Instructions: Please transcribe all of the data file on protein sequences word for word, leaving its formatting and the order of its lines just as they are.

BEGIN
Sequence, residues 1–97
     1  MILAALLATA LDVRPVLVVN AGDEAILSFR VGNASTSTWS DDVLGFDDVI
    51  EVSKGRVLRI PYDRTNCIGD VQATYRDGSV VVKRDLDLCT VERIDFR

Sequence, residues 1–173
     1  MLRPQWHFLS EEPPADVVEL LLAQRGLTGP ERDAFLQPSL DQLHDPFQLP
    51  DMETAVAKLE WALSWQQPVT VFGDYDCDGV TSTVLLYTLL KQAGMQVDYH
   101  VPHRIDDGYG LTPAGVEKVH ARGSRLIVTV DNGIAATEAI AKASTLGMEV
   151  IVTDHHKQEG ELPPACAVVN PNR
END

Sequence, residues 1–97
     1  MILAALLATA LDVRPVLVVN AGDEAILSFR VGNASTSTWS DDVLGFDDVI
    51  EVSKGRVLRI PYDRTNCIGD VQATYRDGSV VVKRDLDLCT VERIDFR

Sequence, residues 1–173
     1  MLRPQWHFLS EEPPADVVEL LLAQRGLTGP ERDAFLQPSL DQLHDPFQLP
    51  DMETAVAKLE WALSWQQPVT VFGDYDCDGV TSTVLLYTLL KQAGMQVDYH
   101  VPHRIDDGYG LTPAGVEKVH ARGSRLIVTV DNGIAATEAI AKASTLGMEV
   151  IVTDHHKQEG ELPPACAVVN PNR